“The reality is they’re all dangerous. We don’t have the resources to go after everyone, so we try to target the ones we feel will be the highest risk.”
Pare said the investigation is ongoing.
Leahy said child pornography and sexual exploitation are growing concerns for police.
“When we have individuals using the Internet to attract young people for the purpose of exploiting them sexually it’s a major problem,” he said.
Cybertip.ca, which operates Canada’s national tip line for online sexual exploitation offences, receives about 700 tips per month. It reports that as many as 80 per cent of its confirmed child pornography reports involve children younger than eight years old.
In New Brunswick alone there were 71 cases of child pornography reported to the RCMP last year. That doesn’t include incidents reported to municipal police forces.
Pare said parents need to be aware that many of the pictures and videos being sold or traded around the world are of victims in New Brunswick.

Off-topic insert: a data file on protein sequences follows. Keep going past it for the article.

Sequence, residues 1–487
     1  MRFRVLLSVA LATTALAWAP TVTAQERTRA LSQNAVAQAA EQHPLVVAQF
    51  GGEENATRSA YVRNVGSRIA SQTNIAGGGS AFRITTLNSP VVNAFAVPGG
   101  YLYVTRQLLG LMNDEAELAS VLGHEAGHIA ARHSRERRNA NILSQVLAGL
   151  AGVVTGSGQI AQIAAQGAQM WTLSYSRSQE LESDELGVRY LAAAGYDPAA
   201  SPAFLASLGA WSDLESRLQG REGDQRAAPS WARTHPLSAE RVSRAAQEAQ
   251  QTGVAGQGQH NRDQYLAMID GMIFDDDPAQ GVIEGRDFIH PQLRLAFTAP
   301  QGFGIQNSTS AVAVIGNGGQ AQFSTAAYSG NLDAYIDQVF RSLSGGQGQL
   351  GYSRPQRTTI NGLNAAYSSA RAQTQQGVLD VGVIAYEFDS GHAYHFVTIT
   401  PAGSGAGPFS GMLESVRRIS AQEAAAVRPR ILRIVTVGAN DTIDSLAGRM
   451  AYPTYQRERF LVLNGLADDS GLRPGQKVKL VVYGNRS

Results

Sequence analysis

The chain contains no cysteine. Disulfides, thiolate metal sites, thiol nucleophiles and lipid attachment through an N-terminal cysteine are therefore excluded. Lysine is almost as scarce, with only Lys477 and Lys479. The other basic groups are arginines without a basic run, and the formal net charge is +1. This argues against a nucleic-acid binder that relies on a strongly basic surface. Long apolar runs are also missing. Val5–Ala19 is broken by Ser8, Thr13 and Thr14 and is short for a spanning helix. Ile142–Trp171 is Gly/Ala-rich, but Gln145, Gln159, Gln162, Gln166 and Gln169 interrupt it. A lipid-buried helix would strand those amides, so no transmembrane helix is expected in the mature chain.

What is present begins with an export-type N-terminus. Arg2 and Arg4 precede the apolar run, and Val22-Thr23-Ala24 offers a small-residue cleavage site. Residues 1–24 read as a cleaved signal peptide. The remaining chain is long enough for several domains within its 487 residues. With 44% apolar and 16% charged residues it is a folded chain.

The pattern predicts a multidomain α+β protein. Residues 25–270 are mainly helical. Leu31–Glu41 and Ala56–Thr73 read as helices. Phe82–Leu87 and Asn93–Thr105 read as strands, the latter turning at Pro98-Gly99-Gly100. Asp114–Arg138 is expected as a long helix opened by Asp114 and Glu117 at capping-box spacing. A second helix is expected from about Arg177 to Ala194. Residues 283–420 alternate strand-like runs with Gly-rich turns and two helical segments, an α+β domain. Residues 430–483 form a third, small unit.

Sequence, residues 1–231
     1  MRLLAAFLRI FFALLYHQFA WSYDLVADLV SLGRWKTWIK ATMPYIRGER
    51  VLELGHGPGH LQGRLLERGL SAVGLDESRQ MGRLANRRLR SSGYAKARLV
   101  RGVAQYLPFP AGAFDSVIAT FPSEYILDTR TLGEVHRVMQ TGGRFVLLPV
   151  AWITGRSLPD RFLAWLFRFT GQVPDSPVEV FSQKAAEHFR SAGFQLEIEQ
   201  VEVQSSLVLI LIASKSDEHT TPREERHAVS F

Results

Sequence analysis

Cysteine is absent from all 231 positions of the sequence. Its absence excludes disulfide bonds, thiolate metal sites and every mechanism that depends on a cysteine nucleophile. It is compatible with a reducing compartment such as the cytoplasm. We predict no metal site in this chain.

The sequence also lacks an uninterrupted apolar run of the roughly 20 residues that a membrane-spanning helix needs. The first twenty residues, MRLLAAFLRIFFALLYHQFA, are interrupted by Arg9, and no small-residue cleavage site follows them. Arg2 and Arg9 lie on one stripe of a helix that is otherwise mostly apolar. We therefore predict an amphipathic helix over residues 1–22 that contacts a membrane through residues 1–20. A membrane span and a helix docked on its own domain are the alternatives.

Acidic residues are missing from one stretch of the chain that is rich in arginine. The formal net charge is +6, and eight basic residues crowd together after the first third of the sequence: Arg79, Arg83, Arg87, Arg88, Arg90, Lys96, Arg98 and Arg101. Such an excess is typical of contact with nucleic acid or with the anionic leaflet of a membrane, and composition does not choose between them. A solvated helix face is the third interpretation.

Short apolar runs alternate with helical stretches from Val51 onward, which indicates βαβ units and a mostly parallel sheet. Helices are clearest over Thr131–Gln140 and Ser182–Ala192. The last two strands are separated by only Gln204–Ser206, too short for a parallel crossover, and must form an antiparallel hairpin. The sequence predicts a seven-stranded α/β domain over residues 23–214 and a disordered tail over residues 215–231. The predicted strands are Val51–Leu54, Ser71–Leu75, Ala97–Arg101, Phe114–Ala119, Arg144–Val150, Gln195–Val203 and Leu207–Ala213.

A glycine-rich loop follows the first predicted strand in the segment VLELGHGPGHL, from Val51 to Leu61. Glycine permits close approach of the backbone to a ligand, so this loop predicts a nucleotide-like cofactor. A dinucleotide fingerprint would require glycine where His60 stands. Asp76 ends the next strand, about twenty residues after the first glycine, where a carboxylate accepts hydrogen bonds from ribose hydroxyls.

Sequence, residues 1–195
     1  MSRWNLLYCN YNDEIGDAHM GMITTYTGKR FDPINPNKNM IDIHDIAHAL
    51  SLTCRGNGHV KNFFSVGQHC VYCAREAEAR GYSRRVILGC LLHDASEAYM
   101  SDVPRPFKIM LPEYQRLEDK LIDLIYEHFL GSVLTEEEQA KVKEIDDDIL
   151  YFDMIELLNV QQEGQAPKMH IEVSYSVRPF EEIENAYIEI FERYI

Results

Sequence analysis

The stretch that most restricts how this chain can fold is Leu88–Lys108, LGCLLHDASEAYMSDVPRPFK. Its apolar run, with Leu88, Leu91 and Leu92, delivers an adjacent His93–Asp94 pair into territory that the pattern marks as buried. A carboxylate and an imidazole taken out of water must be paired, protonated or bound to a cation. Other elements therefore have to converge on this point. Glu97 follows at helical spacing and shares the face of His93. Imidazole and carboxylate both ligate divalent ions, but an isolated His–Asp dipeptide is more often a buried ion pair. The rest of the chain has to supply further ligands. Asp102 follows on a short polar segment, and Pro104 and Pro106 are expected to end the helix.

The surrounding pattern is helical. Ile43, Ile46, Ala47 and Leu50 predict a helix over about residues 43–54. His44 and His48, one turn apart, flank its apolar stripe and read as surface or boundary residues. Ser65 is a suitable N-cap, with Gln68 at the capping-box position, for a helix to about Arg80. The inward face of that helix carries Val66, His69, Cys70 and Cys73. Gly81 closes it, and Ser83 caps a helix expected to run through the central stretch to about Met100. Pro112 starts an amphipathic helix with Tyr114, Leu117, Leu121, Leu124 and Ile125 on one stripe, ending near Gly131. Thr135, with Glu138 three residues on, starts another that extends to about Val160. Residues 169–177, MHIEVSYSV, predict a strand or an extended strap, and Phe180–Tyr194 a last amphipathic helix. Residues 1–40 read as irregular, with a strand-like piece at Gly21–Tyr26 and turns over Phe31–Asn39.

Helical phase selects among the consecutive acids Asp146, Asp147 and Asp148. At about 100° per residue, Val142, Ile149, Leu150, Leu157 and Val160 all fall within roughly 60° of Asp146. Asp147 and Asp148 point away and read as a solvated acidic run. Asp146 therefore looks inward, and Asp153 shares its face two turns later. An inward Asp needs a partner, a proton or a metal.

“I’ve seen everything. I’ve seen boys, I’ve seen girls through various ages. … I’ve seen as young as infants all the way to 18 years old. It just depends on the individual suspect’s preference.”
Pare said he doesn’t use the term pornography when it relates to children.
“I use the term child sexual abuse images,” he said. “What you are seeing is in fact the sexual abuse in a picture or in a video of a child.”

Streaming media giant Netflix experienced an outage at approximately 4:00pm PST bringing down it’s site for millions of viewers.